Nuisance calls/messages/emails

NUM regularly receives reports about persistent, unwanted and/or abusive communications ; this page contains information on how to deal with it.

  • Do not respond to the message - it may encourage the sender or make the situation worse.
  • Block or mark the user as spam – How to do this will vary on different phones/devices/apps/email services, but most have a filter/block function which means that you don't need to see or receive calls or messages from specified numbers. If the communication is via social media you can contact the social media provider and report it directly to them.
  • Keep a record of the contact – Keep copies of letters, texts, emails, and screenshots of other forms of communication. This information helps to show the bigger picture and provides a record of what has been happening.
  • Report to NUM – Via your NUM membership and use the online reporting form.  NUM will create an alert and post this out to other sex workers and add details to the NUM number and email checker which will help other sex workers stay safe.
  • Contact our NUM caseworkers – They can provide emotional support and talk through this with you to discuss your options and provide you with information about local support services.


What the law says:

If the contact is more than an annoyance and is abusive or threatening it may be an offence of malicious communications or harassment.


Malicious Communications – One incident of – message sent through a public communications network that is indecent, grossly offensive, obscene or threatening/menacing.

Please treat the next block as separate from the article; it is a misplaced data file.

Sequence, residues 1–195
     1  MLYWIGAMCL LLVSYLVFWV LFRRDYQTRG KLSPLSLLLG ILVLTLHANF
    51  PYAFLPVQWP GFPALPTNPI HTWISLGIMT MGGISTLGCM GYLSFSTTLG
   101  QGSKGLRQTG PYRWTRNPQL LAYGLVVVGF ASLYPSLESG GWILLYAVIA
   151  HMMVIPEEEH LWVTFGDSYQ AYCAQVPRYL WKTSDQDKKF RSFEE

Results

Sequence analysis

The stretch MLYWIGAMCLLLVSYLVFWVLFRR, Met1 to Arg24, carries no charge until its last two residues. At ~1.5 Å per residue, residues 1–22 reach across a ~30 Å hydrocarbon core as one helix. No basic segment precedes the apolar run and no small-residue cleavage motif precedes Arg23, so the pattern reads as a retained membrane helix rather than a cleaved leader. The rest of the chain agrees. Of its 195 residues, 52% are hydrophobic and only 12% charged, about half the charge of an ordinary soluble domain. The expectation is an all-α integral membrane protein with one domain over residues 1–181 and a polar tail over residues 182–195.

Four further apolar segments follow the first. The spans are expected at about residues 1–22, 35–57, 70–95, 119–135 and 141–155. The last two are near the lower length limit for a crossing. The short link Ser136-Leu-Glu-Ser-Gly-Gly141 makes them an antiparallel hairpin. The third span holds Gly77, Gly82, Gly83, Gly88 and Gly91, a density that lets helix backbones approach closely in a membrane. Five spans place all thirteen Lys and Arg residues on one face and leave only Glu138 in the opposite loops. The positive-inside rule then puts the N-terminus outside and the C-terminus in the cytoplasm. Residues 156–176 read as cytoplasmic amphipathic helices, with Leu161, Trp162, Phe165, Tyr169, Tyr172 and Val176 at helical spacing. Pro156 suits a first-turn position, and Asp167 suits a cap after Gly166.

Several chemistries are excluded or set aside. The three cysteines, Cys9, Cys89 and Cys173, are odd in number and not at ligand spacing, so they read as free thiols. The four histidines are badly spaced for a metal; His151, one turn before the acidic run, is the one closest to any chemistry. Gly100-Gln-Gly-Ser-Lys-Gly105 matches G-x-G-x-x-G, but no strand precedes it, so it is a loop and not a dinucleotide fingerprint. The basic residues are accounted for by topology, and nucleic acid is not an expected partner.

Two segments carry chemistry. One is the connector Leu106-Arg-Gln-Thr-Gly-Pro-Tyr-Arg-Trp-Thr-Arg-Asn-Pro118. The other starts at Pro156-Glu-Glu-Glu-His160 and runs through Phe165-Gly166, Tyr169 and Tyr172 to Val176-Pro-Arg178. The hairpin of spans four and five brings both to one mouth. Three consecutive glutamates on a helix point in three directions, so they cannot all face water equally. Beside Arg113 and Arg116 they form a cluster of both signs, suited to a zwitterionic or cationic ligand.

Harassment – More than one incident (must be related) no legal definition but must cause alarm, distress or torment and must be indecent, grossly offensive, obscene or threatening/menacing.


Both must take into account the “reasonable person” test. Meaning that if it was felt that a person of reasonable firmness (i.e. the average person on the street) would not be alarmed or distressed, the offence is not committed. The person sending the messages must also be aware that the course of conduct they are pursuing would cause the victim to alarmed or distressed.



Anyone affected by a crime can report to the police by calling 101 (non-emergency) where you can speak to them anonymously about what has happened and explore what options police can take and what this would involve for you.

If you aren’t sure about this you can contact NUM caseworkers who can explore this further with you with no pressure.